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Going Fast

Thursday, May 14th, 2015

Craig Gaulzetti axiom SL side - DSC_0006

In the last few weeks, we’ve talked about Going Up, the process of designing a climbing bike, and Going Far, the things that go into a long distance bike, which might be a century bike, a touring bike or might be a full-blown randonneuring machine. This week we turn our attention to race bikes.

The bike industry has traditionally worked backwards from race bikes to fill shop floors with race look-alikes for everyday riders who will never turn a crank in anger. What is good for the pros, so the logic goes, must be good for you, too, and for some very small number of non-pro riders, that could be true.

As with all our bikes, we start with the purpose of the bike and work forward. Going fast requires being able to sit in a comfortable, aerodynamic position, to be able to handle your bike in tight spaces, and to get good power transfer through the rear triangle.

As custom builders, getting to that perfect position is a given. We can replicate exact saddle and grip positions from a bike fitting. We can dial in handling by adjusting headtube angle and fork rake to produce the exact characteristics the rider wants. We can adjust the stiffness of the rear triangle by selecting specific diameter chainstays, up to and including the 1″ stays we call “race stays.”

Our 622 SLX rivals all of today’s carbon race machines for weight and stiffness, but it incorporates more road feel and better comfort than those bike through its unique combination of laser-cut titanium lugs and filament-wound carbon tubing. Our all-Ti Axioms make great criterium bikes for their ability to absorb the heavy impacts of racing on imperfect pavement and the way they come through the occasional crash.

The technology of race bikes evolves quickly, and adapting to new component standards can be a challenge, but with a custom bike these things can be considered during the design phase to leave you with as many upgrade options as possible.

The thing is, bikes aren’t fast. Riders are fast. The best way for the rider to Go Fast is to design a bike around them that fits them perfectly, handles the way they want it to and transfers as much of their power as possible.

 

 

Going Far

Wednesday, May 6th, 2015

Last week we talked about Going Up, the process of designing a climbing bike. This week we look at what goes into a long distance bike, which might be a century bike, a touring bike or might be a full-blown randonneuring machine. We build these on our Axiom platform or our Expat platform typically, but as with everything we do, it’s custom, so the features are more important than the model name.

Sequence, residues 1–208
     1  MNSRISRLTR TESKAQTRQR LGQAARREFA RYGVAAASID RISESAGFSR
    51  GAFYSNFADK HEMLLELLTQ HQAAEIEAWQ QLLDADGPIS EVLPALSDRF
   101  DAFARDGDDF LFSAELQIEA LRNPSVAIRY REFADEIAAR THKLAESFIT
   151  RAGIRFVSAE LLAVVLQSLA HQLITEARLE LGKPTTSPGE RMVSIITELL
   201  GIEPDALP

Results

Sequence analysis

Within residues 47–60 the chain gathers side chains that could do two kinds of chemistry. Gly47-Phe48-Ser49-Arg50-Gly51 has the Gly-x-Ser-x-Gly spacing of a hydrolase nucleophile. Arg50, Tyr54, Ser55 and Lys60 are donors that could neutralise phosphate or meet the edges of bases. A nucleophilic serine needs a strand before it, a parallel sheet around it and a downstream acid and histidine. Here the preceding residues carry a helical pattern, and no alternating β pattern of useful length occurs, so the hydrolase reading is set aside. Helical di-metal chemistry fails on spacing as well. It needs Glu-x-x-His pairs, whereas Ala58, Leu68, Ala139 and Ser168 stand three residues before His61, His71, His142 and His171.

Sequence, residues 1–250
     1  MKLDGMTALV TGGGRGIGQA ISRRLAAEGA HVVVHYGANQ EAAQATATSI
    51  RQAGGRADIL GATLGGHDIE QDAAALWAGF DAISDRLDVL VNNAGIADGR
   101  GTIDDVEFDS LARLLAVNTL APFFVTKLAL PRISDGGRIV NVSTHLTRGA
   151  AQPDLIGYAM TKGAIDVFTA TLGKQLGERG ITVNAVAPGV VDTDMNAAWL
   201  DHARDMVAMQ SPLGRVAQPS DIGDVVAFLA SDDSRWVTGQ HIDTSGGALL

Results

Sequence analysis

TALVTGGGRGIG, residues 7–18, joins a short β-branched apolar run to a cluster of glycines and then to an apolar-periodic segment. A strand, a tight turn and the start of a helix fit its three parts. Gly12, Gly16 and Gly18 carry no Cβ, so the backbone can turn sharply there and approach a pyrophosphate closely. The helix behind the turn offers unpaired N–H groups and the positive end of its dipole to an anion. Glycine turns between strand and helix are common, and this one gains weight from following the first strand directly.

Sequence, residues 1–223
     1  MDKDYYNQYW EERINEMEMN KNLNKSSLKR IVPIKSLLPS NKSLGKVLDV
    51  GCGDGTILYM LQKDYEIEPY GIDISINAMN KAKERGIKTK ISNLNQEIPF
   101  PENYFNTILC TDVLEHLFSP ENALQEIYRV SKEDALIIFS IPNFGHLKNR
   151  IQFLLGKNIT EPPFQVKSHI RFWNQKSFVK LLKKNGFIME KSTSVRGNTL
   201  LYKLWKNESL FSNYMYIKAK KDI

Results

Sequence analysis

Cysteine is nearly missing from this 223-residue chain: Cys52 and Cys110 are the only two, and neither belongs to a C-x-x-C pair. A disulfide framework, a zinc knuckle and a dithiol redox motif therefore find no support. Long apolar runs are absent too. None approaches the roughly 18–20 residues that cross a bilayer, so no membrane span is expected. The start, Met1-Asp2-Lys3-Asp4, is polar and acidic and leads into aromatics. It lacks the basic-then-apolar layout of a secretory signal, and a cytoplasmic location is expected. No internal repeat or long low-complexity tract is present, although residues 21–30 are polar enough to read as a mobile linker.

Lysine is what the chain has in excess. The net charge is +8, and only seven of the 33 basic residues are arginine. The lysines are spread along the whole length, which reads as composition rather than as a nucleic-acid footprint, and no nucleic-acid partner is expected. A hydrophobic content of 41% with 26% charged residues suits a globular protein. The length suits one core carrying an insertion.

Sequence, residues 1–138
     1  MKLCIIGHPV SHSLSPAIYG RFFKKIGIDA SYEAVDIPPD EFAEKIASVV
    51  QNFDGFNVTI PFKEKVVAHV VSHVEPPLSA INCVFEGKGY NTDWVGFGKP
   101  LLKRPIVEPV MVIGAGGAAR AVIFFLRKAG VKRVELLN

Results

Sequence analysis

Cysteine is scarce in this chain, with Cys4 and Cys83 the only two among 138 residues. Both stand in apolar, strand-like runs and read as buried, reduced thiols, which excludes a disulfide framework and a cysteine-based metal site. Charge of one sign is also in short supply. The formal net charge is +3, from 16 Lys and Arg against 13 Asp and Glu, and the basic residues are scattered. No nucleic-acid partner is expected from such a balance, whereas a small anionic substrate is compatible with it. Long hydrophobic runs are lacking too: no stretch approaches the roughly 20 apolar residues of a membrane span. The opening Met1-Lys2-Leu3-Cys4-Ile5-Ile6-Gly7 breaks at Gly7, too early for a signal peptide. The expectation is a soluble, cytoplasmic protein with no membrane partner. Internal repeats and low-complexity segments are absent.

four-season-expat-slThese sorts of bikes usually have comfort as their primary design goal. Performance remains important, so drivetrain stiffness is still desirable, but one of the keys to performing over long distances and after many, many hours in the saddle is comfort.

Comfort in this regard isn’t just about how the rider feels in the moment, but how fresh he or she can remain. Muscles that have not been pummeled by an overly stiff frame for eight hours are better able to sustain effort in the 9th and 10th hours of pedaling. There is the next day to consider as well. On multi-day tours, the need to wake up in the morning rested and recovered can be the difference between fun and misery.

randoNightTitanium is a particularly good material for long distance bikes, and our ability to refine this tubing for the individual rider means we can keep those riders fresh and comfortable according to their own preferences. The tube butting process consists of removing material along the length of the tube to make it strategically compliant. The more aggressively the tubes are butted, the more compliant the frame becomes, the better it soaks up chatter and impacts from the road. Steel also shares these properties, just at a slightly greater weight.

As with the climbing bike we discussed last week, there are a number of factors to balance, comfort and performance being the most obvious. Stability and handling are also critical to a good long distance bike, a more relaxed geometry, a longer wheelbase. You want to be able to ride hands free to rest hands and shoulders. You want good handling at low speed, even carrying a load, which brings us to features and options.

Touring bikes used to have cantilever brakes as a default, because they let you run a wider tire with a fender, but the advent of better medium reach fork/brake combinations and disc brakes have radically improved braking performance and given riders more options for bike set up. The touring triple has given way to the compact double crank, with wide range cassette to achieve the same gearing ratios. Rack and fender mounts are very popular on long distance bikes too, as are our custom racks, which can be built to fit the specific bags, panniers and lighting systems you want to run. Dyno hubs and front facing light mounts keep riders going into the night.